Speciation and dietary specialization in Drupa, a genus of predatory marine snails (Gastropoda: Muricidae)

Authors

  • Martine Claremont,

  • David G. Reid,

  • Suzanne T. Williams


Corresponding author: Martine Claremont, Department of Zoology, Natural History Museum, Cromwell Rd., London, SW7 5BD, UK & Division of Biology, Imperial College London, Silwood Park Campus, Ascot SL5 7PY, UK. E-mail: m.claremont@nhm.ac.uk
David G. Reid & Suzanne T. Williams, Department of Zoology, Natural History Museum, Cromwell Rd., London SW7 5BD, UK. E-mails: d.reid@nhm.ac.uk, s.williams@nhm.ac.uk

Abstract

Claremont, M., Reid, D.G. & Williams, S.T. (2012) Speciation and dietary specialization in Drupa, a genus of predatory marine snails (Gastropoda: Muricidae). —Zoologica Scripta, 41, 137–149.

We test the competing predictions of allopatric speciation and of ecological speciation by dietary specialization in Drupa, an Indo-Pacific genus of carnivorous marine gastropods in the family Muricidae. We use a well-resolved molecular phylogeny (reconstructed from one nuclear and two mitochondrial genes) to show the validity of the traditional species D. elegans, D. rubusidaeus, D. clathrata, D. morum and D. speciosa.Drupa ricinus’ is shown to consist of three species: D. ricinus s. s., D. albolabris and a new species, possibly endemic to Japan. ‘Purpuraaperta is transferred to Drupa. Despite potential widespread dispersal and a high degree of range overlap among sister species, range sizes between sister species are highly asymmetric, suggesting that speciation has been predominately peripatric. The exception is the sister pair D. ricinus s. s. and D. albolabris, which have symmetric range sizes and are sympatric over broad Indo-Pacific ranges. Such symmetry and extensive sympatry are contrary to the predictions of the (peripatric) allopatric model of speciation. Nevertheless, contrary to the predictions of an ecological speciation model based upon dietary specialization, broad dietary range appears to be identical between the species. Small differences in microhabitat preferences (or hypothetical dietary specialization at a fine taxonomic scale) may have been significant in the speciation process or, if initial divergence was allopatric, in permitting subsequent sympatry. Broad dietary shifts appear to have accompanied more ancient divergences within the genus Drupa.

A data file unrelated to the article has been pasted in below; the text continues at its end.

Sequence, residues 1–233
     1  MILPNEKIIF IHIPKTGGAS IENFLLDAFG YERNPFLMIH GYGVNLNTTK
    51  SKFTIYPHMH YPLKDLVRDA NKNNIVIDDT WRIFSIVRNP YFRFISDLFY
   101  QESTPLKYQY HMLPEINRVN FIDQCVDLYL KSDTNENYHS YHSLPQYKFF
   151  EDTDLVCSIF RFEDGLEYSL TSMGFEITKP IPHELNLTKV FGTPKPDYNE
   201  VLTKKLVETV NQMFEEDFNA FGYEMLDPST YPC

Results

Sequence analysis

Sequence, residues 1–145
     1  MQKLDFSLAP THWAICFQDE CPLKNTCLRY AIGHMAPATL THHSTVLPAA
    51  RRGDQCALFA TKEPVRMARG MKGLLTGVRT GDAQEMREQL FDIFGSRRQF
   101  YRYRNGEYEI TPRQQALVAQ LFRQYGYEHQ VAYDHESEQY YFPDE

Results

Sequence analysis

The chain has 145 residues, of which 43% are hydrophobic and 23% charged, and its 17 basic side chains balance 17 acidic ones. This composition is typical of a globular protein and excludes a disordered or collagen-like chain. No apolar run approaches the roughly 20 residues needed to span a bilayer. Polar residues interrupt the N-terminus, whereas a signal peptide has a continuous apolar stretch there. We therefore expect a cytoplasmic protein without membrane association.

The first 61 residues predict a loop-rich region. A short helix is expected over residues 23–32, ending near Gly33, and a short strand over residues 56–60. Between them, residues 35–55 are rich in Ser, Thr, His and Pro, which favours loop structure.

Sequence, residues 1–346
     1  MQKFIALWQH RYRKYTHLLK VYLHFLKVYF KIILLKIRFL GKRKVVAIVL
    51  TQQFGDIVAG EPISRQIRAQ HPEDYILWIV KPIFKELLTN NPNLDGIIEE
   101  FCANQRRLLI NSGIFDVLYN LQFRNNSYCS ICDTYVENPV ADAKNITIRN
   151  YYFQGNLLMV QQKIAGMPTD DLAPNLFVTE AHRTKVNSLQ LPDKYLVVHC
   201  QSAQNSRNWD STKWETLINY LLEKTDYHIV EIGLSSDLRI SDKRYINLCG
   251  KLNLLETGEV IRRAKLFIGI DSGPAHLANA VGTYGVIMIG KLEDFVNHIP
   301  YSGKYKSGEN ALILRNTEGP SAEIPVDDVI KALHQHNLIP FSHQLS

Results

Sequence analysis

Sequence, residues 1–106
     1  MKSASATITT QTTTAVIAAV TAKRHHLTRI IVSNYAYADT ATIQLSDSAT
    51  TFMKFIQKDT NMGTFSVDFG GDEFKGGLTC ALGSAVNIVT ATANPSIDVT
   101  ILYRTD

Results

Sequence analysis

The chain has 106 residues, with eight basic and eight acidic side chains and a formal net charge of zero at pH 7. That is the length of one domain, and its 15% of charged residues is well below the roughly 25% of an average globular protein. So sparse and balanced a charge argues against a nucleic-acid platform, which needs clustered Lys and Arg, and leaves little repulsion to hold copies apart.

Ancillary